Why do you want to do a CS major, if you don’t want a career in CS?
If you want to do something computational, and also make an impact in public policy and restorative justice, I’d suggest a data analytics major, with a concentration in poli sci. Then you could use your computational skills to make an impact in your chosen field.
CS is a great major, but it’s a lot of work and tough to get a high GPA for law school… all for something you then intend to put aside and go in another direction with your career. Maybe I’m missing something, but I’d give some thought to whether you could make it all hang together a bit better.
Take a look at the Data Analytics major at Ohio State, for example. The core curriculum includes foundational CS classes, but then focuses on statistical modeling and analysis, and data visualization… and then you choose a concentration (which can be in poli sci and/or public policy) and apply your skills within that sphere, culminating with a capstone project. Curriculum Overview | Data Analytics Major There are similar majors at Denison, Emory, and Penn State among others.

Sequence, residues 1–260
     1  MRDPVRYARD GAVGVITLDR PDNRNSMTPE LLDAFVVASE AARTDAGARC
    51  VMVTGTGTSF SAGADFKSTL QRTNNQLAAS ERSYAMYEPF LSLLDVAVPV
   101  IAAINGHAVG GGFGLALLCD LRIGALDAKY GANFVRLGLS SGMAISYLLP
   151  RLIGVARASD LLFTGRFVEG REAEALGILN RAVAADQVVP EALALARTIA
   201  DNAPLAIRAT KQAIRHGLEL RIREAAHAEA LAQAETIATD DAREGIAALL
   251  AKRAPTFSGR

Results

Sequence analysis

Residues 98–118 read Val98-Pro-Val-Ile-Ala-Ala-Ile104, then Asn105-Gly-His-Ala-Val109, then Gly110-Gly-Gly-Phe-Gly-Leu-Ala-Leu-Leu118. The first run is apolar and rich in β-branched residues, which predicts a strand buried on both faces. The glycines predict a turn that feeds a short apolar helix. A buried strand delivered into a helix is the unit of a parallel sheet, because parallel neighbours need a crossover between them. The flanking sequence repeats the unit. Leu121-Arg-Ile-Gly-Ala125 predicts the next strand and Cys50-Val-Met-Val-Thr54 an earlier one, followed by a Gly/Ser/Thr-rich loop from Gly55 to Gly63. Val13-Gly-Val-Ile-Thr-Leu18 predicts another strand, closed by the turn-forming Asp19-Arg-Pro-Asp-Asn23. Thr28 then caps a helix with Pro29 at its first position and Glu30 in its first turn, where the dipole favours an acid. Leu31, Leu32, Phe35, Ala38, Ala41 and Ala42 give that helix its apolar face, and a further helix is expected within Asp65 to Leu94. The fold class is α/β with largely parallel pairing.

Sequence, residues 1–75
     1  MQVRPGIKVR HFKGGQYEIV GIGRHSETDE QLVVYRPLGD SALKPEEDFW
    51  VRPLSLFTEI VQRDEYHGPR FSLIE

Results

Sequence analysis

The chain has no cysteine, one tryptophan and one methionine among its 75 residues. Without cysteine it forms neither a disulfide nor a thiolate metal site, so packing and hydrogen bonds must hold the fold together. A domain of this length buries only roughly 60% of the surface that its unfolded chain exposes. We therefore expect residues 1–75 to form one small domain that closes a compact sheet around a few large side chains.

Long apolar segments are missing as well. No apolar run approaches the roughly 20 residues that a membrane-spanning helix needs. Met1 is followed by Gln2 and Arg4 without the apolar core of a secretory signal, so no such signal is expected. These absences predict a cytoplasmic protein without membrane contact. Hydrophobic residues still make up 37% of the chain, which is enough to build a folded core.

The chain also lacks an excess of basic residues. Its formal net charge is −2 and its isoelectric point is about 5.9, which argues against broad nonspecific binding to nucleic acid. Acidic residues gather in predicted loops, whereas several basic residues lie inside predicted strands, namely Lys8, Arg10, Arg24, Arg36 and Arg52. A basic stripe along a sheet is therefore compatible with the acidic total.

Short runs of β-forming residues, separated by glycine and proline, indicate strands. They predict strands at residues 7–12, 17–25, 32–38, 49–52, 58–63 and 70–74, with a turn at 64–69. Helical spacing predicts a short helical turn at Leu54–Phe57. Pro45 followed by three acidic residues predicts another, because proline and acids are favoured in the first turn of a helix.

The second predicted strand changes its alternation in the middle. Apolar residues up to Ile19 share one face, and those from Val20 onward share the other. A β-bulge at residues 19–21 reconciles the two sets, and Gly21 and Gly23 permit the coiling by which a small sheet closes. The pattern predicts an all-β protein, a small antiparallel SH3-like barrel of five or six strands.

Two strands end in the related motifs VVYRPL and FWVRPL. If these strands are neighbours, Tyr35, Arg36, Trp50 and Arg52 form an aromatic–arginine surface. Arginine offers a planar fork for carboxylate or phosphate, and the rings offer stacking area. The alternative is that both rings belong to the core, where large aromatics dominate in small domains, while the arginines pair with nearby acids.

If you’re really intent on straight CS, I’d suggest looking at Northeastern, where you could do a combined major in CS+Poli Sci, rather than a double major. These majors front-load the CS skills so that you’re prepared for your co-ops, but then give you plenty of time to explore your other major focus once you’re done with the CS core. They don’t require quite as much higher math and advanced CS as a straight CS major, but plenty to do CS co-ops and acquire all the marketable skills you could want. Computer Science and Political Science, BS < Northeastern University You could specifically seek out co-ops that match your interests and aspirations. If you have “perfect” stats as stated in your other thread, you should be a strong candidate for NEU, as they love high-stat applicants (and give nice merit awards, especially if you are NMF).